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Sitting Docs Have Happier Patients
Date:4/7/2010

People perceive physicians stay longer when they aren't standing, study finds

WEDNESDAY, April 7 (HealthDay News) -- When it comes to doctor-patient relationships, new research suggests that patients would be happier if their doctors would just sit down and stay awhile.

And for doctors, taking a seat doesn't necessarily have to add time to their day. The researchers found that when doctors sat down during a hospital visit, patients thought the doctors had stayed longer than they actually had.

"Patients perceived that sitting physicians were in the room about 40 percent longer than they were," said the study's senior author, Dr. Paul Arnold, director of the Spinal Cord Injury Center at the University of Kansas Medical Center in Kansas City.

"And, after a while, we started noticing that the patients had almost no negative comments about the physicians who would sit down," Arnold added. "So, there was both a quantitative and qualitative difference in patients' perception."

Dr. Ronald Epstein, director of the Rochester Center to Improve Communication in Healthcare at the University of Rochester Medical Center in New York, said he wasn't surprised by the finding.

"This is in the lore of medical training," Epstein said. "During school, we're told that it really changes the dynamic of interactions." But until now, he said, there's hasn't really been any research to support the idea.

"It's important to put yourself at the same level as your patient," he said. "For a patient, it can be a frightening, disempowering feeling to have a group of people standing over you," referring to what can happen in teaching hospitals when a group of doctors enters a patient's room.

"Sitting down is a gesture of accommodation, similar to smiling," Epstein said. "I think patients do appreciate it, and that it allows them to express their concerns more openly."

For the study, which has not been published, Arnold and his colleagues followed physician interactions with 120 adult, post-operative, neurosurgical patients. All of the patients had an established relationship with their doctor.

One group of patients was visited by a doctor who stood, and patients in the other group were seen by a doctor who sat during the visit. Visit times were measured with a stop watch.

On average, standing doctors spent 1 minute 28 seconds at their patients' bedsides. Sitting doctors actually spent slightly less time in the room, averaging 1 minute 4 seconds.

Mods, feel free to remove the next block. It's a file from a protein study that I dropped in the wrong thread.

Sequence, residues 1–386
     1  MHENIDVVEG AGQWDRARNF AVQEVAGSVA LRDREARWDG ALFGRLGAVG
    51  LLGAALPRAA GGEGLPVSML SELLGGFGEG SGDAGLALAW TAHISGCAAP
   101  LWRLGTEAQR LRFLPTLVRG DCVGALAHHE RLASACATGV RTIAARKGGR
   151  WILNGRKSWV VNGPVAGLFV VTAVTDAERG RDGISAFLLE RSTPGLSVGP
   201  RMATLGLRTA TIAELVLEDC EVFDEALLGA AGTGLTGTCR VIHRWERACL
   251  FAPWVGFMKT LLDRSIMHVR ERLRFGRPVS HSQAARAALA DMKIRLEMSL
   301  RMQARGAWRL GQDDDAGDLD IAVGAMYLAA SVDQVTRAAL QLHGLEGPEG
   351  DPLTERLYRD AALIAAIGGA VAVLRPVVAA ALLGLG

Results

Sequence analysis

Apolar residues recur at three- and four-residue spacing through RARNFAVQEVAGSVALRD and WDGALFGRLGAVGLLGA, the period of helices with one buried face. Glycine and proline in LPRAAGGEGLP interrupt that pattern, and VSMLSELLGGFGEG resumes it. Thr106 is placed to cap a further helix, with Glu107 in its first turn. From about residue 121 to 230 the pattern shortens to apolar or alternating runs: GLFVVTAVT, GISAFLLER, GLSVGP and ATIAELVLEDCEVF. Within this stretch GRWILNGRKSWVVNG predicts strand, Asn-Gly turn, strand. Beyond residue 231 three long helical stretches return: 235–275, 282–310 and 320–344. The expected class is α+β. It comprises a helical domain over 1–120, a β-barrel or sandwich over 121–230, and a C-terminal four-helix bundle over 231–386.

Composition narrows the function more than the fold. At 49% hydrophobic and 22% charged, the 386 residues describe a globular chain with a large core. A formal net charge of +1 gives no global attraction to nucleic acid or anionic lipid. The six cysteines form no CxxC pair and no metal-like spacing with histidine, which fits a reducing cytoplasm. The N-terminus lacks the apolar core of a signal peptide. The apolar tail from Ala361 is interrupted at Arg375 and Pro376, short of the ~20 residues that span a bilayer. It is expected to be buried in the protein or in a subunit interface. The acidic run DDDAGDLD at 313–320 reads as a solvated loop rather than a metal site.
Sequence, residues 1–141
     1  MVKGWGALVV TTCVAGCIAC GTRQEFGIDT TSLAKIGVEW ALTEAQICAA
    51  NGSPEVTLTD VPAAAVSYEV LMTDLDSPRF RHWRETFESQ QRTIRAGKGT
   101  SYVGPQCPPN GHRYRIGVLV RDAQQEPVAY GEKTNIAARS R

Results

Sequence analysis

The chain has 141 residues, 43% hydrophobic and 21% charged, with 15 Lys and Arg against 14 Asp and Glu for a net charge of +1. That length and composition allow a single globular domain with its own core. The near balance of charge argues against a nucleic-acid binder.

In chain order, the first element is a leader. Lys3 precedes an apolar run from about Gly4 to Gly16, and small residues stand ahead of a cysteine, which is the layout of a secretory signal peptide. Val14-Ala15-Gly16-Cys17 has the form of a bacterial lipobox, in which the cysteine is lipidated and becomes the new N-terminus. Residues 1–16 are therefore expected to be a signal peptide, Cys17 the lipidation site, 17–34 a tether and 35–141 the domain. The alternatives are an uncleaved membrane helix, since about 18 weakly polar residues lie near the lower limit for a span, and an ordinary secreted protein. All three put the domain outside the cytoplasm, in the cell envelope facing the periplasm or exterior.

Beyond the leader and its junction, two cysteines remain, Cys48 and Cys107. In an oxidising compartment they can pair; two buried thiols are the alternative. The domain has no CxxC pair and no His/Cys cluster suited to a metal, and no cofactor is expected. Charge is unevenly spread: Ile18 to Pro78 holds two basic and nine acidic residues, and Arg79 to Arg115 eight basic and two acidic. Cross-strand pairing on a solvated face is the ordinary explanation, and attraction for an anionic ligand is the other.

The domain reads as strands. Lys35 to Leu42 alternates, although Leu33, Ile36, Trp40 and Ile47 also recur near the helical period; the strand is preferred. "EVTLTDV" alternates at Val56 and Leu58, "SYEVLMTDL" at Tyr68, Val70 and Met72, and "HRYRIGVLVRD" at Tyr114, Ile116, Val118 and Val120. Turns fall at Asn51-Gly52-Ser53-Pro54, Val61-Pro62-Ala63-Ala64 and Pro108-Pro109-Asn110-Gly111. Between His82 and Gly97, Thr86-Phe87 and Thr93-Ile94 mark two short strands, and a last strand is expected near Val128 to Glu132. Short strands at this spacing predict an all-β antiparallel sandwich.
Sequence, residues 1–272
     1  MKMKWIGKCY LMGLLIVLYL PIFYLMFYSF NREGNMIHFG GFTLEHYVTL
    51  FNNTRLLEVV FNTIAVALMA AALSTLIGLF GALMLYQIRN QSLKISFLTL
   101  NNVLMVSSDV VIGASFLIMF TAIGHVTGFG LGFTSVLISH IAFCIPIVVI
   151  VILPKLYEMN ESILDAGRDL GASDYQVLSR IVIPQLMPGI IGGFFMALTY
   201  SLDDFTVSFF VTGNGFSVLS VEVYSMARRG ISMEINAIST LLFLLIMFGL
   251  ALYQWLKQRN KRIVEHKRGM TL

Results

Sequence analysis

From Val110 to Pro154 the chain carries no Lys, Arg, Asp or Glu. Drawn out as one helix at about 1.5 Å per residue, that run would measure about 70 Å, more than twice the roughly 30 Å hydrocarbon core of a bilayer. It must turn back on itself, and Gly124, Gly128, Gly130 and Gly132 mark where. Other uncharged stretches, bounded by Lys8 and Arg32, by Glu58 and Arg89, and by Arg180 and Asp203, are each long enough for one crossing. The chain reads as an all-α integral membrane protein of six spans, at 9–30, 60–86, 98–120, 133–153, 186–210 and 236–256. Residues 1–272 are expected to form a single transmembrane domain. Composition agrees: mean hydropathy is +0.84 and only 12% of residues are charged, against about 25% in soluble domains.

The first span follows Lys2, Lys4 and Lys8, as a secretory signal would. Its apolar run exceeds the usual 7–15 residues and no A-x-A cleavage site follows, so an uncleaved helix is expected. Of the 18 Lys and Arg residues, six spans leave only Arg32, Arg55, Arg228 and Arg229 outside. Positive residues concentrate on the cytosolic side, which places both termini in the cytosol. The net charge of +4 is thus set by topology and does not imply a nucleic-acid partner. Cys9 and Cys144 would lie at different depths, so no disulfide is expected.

But whether the doctors stood or sat, their patients' perception was significantly different from reality.

Patients whose doctors stood thought the doctor spent about 3 minutes 44 seconds in the room. Those with sitting doctors believed their doctor was present for an average of 5 minutes 14 seconds, the study found.

The researchers then asked a smaller group (38 patients -- 20 who had a sitting doctor and 18 with a standing doctor) about their feelings regarding the bedside meetings. For a physician who sat down, 95 percent of the comments were positive, compared with 61 percent positive comments for doctors who stood.

Patients said they felt that doctors who sat down took time to listen and that all of their questions had been answered. When describing doctors who stood, patients said such things as, "He was in and out of my room before I even knew what was going on" and "I didn't have time to ask the doctor any questions."

"I think physicians should try to sit down when they can," Arnold said. "It puts the physician and the patient face-to-face, and it seems like you're willing to stay a little longer. If you're standing, it seems like you're in a rush."

More information

The American Academy of Family Physicians has advice on communicating with your doctor.



SOURCES: Paul M. Arnold, M.D., professor, neurosurgery, and director, Spinal Cord Injury Center, department of neurosurgery, University of Kansas Medical Center, Kansas City, Kan.; Ronald M. Epstein, M.D., family physician and director, Rochester Center to Improve Communication in Health Care, University of Rochester Medical Center, Rochester, N.Y.


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